When any calamity has been suffered, the first thing to be remembered is how much has been escaped. – Samuel Johnson
In our business lives we can often become cynical and jaded about human nature. We can begin to view the whole of humanity through our less than happy experiences with those who conspired to get us fired, or those who didn’t have our back when we needed them, even though we never failed to have their back.
There is another side to human nature though, and I witnessed it during the recent wildfires here in San Diego County, in Southern California.
Watching the coverage of the many bumper to bumper evacuations along winding, detoured routes, in triple digit sweltering heat, car after car passed by the news cameras, and even though they were aware that their homes might be reduced to cinders, folks remained upbeat and calm, grateful that total strangers were handing them ice water to keep themselves, their children, their grandparents, and every conceivable sort of pet quenched.
Occasionally, news people would slip a microphone into this or that car to ask what else people were able to take with them, and in every instance the answer was family photos, either in album form or on a hard drive. When it counts, more people than not have their priorities straight!
Selflessness was also in evidence during the devastation. One instance in particular got my attention. People evacuating their neighborhood noticed a cat in an upstairs window of their neighbor’s house, one paw against the glass pane wide-eyed, alone, afraid, and trapped. They knew that their neighbors had left for work hours earlier and flames were beginning to shoot up into the air from the back of the house. At risk to themselves, they forced their way into the house and rescued their neighbor’s cat.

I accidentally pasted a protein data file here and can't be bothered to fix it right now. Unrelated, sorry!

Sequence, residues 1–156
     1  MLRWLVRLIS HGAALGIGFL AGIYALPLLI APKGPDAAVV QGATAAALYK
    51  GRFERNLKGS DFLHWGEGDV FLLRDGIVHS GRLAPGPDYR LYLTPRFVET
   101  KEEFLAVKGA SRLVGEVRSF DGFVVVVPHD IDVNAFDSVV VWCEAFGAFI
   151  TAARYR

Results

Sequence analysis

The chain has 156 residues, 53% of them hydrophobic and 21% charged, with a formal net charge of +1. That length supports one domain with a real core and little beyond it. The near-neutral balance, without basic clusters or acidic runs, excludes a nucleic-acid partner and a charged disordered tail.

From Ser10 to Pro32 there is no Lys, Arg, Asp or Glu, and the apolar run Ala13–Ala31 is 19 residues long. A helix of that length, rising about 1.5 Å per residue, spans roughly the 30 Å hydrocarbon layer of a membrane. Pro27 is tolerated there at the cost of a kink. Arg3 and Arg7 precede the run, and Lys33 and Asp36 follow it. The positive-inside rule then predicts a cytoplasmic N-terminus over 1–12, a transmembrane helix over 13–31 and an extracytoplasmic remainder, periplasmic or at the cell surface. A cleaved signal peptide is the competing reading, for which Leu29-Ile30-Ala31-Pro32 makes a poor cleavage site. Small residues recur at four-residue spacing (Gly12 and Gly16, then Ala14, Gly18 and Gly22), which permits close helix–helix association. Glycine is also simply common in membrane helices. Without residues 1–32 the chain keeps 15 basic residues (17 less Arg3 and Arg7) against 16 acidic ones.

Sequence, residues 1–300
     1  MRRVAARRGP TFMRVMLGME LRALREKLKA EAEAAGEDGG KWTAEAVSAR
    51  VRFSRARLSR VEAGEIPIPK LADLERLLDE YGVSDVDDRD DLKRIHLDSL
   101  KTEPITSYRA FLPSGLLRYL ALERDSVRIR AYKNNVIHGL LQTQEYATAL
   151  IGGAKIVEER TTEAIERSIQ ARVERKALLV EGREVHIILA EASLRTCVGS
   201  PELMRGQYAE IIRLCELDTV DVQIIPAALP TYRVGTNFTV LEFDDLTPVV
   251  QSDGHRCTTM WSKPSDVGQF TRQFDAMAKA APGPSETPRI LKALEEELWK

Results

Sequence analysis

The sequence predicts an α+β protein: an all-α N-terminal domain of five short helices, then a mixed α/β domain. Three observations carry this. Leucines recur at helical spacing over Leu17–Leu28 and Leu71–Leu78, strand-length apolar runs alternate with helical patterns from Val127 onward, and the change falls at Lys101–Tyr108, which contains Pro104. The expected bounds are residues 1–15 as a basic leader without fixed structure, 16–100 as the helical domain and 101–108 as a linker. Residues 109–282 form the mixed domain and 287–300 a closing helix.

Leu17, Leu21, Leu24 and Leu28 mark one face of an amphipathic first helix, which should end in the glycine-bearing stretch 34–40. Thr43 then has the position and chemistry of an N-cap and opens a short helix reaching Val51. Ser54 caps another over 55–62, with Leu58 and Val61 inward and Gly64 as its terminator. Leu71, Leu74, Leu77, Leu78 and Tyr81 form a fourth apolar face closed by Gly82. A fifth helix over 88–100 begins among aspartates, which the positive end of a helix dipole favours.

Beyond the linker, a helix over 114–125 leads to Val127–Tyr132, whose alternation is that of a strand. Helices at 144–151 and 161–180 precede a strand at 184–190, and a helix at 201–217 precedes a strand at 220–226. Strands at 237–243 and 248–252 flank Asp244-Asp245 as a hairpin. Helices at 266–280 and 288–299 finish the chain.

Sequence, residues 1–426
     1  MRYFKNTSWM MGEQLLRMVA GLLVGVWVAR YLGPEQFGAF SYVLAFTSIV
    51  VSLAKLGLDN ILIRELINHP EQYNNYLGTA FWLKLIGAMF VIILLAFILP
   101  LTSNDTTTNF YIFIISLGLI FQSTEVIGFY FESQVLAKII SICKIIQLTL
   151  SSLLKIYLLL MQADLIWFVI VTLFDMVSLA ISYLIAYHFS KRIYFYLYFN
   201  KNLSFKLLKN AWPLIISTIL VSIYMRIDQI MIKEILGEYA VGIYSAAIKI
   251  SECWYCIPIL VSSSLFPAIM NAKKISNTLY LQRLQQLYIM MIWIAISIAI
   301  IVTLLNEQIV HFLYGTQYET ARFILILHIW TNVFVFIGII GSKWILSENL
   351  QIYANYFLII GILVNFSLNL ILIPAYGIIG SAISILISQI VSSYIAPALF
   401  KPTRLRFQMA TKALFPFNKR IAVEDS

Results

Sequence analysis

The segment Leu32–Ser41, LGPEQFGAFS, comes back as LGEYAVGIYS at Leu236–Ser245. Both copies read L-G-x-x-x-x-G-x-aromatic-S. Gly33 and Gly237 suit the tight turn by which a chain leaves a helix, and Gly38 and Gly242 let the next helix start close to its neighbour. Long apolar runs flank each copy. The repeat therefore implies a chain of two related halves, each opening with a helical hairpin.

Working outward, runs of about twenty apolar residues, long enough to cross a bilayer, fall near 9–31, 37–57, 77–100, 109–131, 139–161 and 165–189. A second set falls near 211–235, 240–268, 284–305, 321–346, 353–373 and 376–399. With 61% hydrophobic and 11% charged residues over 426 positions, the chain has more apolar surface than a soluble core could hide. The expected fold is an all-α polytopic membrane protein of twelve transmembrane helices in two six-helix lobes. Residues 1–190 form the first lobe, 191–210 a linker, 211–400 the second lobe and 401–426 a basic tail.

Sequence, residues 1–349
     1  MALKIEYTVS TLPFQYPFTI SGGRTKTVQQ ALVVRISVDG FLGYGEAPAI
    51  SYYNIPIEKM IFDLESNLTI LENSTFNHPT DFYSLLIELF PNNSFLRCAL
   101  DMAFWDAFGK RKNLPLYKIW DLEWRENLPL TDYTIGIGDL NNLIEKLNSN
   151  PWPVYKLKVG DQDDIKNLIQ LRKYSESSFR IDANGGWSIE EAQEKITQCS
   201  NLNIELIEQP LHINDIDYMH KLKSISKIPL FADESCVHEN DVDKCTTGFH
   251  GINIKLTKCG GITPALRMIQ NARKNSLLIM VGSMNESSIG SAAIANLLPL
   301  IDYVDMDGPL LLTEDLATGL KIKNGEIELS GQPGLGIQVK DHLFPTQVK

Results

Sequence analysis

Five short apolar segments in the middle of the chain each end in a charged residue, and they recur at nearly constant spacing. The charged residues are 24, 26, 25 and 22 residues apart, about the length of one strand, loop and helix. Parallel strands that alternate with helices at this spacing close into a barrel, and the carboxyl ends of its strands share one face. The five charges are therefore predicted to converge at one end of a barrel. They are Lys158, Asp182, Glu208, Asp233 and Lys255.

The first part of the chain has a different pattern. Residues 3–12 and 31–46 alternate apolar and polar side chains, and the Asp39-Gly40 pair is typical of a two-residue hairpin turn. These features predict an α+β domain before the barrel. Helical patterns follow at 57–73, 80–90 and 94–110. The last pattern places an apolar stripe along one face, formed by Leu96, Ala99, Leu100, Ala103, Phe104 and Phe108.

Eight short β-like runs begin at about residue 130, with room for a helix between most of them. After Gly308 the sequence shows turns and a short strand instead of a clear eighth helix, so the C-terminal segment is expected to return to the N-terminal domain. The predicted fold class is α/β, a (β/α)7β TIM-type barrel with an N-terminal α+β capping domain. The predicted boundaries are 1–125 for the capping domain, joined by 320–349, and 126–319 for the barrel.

In other instances, even as their own homes burned to the ground, people stayed in their neighborhood to hose down their neighbor’s homes, saving their neighbor’s homes in the process.
San Diego, I’m proud that you are my neighbors. And, I’m grateful to you for giving my faith in human nature a much needed booster shot!
As we take stock of what has happened, we can take some comfort in knowing that we escaped far worse, due to the timely efforts of firefighters and the exemplary response of private citizens.
Now, let’s all pray for a few gentle raindrops, and a lot of healing.
How do you view human nature? Please leave your thoughts in the Comments section below.
In the meantime,
Bestest to all,